Black Hole or Shock Absorber: How Does a Free-Market Economy Respond to Crises?
Mainstream economists view the economy as fickle, unstable, and always in danger of utter collapse. They see the outlook as very bleak if not for the enormous existing superstructure of government intervention, including constant stimulus of “aggregate demand.” In their minds, this essential stabilization would also include the existing intricate arrangement of regulation and restriction, the army of technocratic bureaucrats overlording every market, and the rollout of massive interventions and macro stabilization schemes, whenever necessary.
This bureaucratic view is predicated on the assumption of the superiority of technocratic ability, “scientific” knowledge, and centralized resources. It is a view that is only plausible when combined with the supposed inability of individual actors to foresee such events or to respond to events, especially those deemed beyond their control. In addition to ignoring government intervention as the cause of crises, this top-down view is incorrect and is directly at odds with reality.1
In contrast, Austrian economists see the free market as highly stable and quick to adapt to changing circumstances, including huge macro destabilizing events such as hurricanes, wars, famines, and pandemics. Here, the crisis is the inevitable result of government intervention, although natural disasters are not ignored.
This bottom-up view is based on an understanding of the interests and ability of entrepreneurs to respond to events, minor and major, to improve their situation and indirectly to “stabilize” the economy. Individuals can respond to even dramatic changes in supply and demand conditions. They respond to crises as consumers, laborers, managers, and entrepreneurs, as well as communities, churches, civic groups, family members, friends, and neighbors, but all can be paralyzed or incapacitated by the top-down policy approach.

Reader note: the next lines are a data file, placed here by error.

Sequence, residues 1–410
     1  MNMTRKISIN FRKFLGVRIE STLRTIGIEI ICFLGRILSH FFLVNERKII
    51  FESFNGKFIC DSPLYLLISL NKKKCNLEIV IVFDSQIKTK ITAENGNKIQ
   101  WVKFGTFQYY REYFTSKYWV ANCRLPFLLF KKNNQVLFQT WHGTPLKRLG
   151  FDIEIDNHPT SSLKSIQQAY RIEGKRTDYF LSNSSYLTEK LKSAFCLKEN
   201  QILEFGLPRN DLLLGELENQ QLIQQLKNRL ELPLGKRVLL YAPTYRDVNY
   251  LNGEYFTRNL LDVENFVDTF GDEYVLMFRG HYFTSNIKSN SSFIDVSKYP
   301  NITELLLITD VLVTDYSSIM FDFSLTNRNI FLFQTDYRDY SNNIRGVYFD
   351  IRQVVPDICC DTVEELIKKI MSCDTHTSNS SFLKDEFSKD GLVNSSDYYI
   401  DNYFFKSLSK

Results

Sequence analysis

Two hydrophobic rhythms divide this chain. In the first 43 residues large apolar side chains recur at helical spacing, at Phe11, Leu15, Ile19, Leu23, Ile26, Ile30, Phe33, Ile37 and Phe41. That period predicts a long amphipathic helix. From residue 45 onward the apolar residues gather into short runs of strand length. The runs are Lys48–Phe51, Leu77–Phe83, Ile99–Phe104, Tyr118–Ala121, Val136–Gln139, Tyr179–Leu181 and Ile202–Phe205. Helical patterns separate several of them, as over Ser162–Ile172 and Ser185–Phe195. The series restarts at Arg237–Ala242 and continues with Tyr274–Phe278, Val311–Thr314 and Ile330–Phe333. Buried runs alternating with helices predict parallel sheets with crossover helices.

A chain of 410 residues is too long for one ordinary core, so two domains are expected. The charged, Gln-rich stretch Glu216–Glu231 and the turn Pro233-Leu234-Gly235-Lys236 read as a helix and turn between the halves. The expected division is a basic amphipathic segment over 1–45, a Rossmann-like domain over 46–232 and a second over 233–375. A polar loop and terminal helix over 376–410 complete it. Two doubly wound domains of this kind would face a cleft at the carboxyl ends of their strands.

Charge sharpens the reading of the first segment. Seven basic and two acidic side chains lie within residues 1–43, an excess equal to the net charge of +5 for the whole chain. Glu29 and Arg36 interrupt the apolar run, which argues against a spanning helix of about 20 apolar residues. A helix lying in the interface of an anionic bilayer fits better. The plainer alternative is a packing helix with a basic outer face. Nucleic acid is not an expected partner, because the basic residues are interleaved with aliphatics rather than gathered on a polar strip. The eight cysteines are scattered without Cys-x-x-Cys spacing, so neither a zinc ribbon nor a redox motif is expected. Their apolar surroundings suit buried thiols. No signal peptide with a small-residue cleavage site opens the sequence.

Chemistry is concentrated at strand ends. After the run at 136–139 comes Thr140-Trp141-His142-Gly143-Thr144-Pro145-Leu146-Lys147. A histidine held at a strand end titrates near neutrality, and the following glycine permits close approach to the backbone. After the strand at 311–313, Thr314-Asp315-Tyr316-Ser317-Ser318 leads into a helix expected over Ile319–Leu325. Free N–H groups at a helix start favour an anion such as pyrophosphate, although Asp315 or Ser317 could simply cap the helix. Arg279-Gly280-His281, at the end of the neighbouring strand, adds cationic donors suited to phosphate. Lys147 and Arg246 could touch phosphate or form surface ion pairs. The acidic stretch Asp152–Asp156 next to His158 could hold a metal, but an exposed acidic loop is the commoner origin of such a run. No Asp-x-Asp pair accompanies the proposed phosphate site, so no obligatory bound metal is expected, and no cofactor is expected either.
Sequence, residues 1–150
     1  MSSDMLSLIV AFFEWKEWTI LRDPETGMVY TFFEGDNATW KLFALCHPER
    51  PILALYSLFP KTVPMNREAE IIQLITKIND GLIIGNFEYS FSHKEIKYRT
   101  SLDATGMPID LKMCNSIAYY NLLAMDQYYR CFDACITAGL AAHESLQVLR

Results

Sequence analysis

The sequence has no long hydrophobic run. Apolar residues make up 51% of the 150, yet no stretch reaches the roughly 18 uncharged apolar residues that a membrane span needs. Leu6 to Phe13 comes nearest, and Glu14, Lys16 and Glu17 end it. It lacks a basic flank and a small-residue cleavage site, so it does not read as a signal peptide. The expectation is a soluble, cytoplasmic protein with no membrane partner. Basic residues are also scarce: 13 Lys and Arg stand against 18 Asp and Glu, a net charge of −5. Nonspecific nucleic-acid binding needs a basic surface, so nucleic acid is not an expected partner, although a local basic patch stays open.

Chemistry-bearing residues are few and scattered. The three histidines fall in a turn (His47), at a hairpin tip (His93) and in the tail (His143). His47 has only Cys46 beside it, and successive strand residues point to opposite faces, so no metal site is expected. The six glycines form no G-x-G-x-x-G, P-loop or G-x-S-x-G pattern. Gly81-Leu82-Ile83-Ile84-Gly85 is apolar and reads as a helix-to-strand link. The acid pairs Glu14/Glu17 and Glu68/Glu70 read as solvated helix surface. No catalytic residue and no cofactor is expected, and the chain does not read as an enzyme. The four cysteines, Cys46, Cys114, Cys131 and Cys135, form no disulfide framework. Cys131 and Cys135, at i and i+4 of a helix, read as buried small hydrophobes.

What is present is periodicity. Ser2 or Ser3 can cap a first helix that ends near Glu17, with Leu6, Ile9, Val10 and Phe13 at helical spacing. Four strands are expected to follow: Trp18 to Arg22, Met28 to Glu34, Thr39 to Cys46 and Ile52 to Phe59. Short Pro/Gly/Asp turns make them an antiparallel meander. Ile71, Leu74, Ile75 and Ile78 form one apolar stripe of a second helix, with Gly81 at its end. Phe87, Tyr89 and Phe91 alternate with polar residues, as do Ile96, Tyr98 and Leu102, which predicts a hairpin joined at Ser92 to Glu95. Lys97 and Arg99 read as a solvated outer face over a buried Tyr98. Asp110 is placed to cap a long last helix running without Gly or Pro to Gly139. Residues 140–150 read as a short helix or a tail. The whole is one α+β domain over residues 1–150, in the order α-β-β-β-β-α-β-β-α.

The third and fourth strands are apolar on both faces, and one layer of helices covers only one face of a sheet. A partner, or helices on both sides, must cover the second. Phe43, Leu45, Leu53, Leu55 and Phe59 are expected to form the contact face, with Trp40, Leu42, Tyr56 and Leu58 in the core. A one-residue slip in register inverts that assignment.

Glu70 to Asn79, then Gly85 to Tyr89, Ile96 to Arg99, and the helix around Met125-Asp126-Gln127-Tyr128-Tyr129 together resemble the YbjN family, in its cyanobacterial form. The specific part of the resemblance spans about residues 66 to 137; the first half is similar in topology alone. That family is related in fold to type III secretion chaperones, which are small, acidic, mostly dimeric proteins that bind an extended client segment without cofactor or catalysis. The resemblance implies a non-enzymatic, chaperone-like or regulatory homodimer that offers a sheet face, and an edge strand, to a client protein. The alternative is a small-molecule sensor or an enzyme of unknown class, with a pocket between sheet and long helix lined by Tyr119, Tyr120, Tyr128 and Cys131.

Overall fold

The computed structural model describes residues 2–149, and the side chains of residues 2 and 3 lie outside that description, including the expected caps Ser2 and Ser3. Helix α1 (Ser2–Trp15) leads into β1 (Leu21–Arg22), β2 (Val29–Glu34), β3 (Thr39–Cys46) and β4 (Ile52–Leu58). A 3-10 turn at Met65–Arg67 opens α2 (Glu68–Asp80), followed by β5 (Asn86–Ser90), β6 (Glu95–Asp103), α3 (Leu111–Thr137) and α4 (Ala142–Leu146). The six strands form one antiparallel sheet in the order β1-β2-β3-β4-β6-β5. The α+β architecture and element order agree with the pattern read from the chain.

Without describing the process of how the free-market system works and without the benefit of any real-world experience, the decision of what approach to choose is a coin toss. In a world in which education, the media, and the government all side with the top-down government approach, it will win the public opinion coin toss by default—after all, something must be done! The purpose of this article is to explain how the anarchy of individual actions works to buffer the economy like a shock absorber.
The Black Hole of Economics
It is hard to explain and understand how mainstream economists think about economic crises, because they have written so little about how the economics of the crisis works, per se. Their bogeyman is deflation. They see deflation, in the form of falling prices, to be like a black hole. If the economy gets near deflation, it will be sucked into the black hole and never be able to emerge again. I have coined the term apoplithorismosphobia to describe their psychological problem and my article on the same subject should be sufficient to describe the manifestations of the phobia and its tragic results. Ben Bernanke has deflation-phobia and so does Paul Krugman so it is safe to assume the fear is widely spread.
Their credibility is unmasked by the fact that the biggest direct losers from deflation are the wealthy political elites and crony capitalists. Everyone will get some kind of “haircut” during the process, but the big losers are mostly the same people who benefitted from the corrupt system that caused the crisis in the first place!
The enormous unmentioned benefit of this deflationary/crisis process is that we might be able to break free from paper fiat-money inflation, the “regulated” fractional reserve banking system, exploding government debt, and the Fed itself! Obviously, the rank-and-file citizen would benefit from the completion of this process.
Free-Market Shock Absorbers
The traditional vehicle suspen
Article from Mises Wire